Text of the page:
Fake it till you make it. We’ve all heard it. We all know people who do it. We’ve all done it ourselves. Sometimes it works; sometimes it doesn’t. I thought about this yesterday as I stood by the window in my classroom while my lunch was heating up. I looked out onto a playground filled with first and second graders reveling in the spring-like weather. Then I noticed three boys by the basketball hoop. Dribbling, passing the ball, taking shots. I thought about how much fun they were having, even though they didn’t come close to making a basket. They were practicing the moves they’d seen other, more seasoned players make.
As I watched, I thought about what else in life we approximate until we “make it.” Adulting, parenting, you name it, we fake it. Eventually we gain a certain level of competence and confidence. We don’t feel like we’re flying by the seat of our pants ALL the time! But what about our students? How much approximating do they do every day? It exhausts me to think about it.Which makes me wonder about our expectations. Perfect, polished writing is a challenge for us all. Why would we expect first graders to write flawlessly? We shouldn’t. What we should do is help them approximate being a writer, to copy the moves their favorite authors make. Sometimes their imperfections show us the most about their learning, about them as learners. So let’s make our classrooms places for taking risks that help us grow. That’s how we make it.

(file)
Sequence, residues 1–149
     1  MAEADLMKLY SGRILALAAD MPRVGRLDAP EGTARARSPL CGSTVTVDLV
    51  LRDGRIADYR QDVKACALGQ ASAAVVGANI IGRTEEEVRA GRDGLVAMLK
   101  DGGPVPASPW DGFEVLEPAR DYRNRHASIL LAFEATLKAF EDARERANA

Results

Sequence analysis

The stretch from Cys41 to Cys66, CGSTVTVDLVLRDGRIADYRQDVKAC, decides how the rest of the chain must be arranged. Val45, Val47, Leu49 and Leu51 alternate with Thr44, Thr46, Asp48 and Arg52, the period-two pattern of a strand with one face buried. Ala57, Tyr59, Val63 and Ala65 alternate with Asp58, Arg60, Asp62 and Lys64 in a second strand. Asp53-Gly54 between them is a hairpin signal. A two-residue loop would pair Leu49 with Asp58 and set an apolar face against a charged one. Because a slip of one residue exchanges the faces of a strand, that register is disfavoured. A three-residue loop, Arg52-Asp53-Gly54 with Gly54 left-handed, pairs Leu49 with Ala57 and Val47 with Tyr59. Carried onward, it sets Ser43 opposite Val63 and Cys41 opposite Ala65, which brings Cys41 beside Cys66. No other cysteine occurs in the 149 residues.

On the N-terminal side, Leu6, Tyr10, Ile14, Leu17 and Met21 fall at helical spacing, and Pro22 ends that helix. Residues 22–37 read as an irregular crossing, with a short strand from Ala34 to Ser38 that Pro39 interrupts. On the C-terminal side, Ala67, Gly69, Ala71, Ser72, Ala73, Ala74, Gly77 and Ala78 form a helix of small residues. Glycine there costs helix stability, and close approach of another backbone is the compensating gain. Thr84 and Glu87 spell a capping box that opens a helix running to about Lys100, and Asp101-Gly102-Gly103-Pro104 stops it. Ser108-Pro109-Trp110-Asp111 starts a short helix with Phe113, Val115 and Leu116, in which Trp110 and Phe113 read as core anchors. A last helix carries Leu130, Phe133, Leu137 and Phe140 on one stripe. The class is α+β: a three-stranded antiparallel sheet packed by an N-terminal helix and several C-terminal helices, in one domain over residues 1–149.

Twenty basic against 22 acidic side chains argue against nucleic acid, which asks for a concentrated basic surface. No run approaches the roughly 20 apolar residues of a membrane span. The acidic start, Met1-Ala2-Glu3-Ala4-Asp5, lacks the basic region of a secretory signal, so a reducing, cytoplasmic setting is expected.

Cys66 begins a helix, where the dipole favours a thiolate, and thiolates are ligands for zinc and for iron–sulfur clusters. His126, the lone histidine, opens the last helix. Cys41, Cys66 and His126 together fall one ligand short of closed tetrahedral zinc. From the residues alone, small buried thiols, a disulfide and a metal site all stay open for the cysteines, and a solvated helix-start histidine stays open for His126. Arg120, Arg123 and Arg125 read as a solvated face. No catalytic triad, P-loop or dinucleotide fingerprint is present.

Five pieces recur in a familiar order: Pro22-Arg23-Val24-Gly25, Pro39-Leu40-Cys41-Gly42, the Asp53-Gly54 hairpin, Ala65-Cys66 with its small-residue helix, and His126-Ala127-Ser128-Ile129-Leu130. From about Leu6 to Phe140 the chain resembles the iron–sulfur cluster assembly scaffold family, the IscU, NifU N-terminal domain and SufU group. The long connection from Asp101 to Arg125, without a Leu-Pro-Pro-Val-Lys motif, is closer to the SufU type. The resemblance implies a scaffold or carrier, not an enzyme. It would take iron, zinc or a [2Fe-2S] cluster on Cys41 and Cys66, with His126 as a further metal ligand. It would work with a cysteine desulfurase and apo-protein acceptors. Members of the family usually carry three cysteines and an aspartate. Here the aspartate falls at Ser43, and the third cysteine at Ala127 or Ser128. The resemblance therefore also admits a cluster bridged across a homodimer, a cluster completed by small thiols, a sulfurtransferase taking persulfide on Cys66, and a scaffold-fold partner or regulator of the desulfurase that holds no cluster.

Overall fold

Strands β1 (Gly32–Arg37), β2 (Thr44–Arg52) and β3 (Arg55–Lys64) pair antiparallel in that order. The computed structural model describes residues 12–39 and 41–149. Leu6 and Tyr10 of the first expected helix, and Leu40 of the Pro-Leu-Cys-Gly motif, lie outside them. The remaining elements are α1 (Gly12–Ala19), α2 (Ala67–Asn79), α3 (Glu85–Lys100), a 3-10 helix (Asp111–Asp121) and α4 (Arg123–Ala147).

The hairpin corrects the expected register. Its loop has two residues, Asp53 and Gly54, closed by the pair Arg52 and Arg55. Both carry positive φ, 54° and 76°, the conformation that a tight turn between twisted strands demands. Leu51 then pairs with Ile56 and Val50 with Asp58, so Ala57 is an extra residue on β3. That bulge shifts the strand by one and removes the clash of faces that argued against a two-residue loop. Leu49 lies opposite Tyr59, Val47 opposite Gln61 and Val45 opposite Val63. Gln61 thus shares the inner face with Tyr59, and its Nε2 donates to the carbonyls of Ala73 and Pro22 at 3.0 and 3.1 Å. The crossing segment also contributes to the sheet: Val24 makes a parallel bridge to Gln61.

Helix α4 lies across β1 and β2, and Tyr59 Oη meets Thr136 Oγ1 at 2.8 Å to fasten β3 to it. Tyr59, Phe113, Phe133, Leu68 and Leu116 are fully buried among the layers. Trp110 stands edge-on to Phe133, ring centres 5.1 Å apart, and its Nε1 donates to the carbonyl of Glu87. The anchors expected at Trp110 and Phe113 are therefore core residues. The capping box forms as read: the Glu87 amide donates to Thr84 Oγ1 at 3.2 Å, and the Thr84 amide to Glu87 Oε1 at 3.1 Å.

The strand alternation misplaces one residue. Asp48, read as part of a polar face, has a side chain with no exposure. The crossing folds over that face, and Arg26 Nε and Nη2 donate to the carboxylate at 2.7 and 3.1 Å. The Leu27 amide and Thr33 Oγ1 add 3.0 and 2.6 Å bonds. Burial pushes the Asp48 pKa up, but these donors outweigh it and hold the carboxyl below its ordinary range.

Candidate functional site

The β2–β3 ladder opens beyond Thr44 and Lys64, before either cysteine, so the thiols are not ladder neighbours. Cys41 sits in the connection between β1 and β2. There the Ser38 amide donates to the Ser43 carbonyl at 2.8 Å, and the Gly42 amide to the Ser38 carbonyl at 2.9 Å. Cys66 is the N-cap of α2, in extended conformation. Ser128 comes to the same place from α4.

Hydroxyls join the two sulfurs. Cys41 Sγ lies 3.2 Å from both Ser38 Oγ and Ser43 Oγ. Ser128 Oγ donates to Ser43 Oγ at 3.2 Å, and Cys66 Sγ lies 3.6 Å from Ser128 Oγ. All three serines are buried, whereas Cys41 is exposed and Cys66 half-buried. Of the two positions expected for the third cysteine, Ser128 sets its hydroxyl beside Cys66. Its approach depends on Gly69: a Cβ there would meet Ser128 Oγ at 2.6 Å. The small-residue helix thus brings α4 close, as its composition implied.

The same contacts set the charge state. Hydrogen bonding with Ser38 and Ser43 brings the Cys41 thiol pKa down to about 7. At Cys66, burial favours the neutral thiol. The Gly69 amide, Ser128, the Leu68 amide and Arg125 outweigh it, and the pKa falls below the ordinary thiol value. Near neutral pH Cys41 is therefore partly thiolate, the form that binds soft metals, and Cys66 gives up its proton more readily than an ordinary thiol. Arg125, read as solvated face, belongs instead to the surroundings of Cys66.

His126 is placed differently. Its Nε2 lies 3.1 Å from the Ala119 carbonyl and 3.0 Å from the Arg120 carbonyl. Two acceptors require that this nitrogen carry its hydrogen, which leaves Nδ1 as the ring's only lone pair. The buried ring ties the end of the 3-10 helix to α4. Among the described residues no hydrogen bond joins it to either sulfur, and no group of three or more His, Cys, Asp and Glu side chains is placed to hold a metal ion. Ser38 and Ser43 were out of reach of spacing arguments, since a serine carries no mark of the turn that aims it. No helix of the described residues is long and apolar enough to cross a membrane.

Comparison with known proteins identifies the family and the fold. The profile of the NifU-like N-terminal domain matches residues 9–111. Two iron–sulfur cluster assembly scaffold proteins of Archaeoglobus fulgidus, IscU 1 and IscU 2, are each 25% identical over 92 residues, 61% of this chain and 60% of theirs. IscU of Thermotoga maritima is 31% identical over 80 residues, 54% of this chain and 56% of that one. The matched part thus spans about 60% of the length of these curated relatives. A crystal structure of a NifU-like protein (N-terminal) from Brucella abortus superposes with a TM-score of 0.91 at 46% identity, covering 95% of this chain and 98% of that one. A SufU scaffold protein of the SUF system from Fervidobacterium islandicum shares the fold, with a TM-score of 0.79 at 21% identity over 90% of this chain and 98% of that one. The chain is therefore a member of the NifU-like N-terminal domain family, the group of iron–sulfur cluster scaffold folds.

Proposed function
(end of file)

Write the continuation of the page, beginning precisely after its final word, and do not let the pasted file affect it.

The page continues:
Thank you to everyone at Two Writing Teachers for this space where we can all take risks.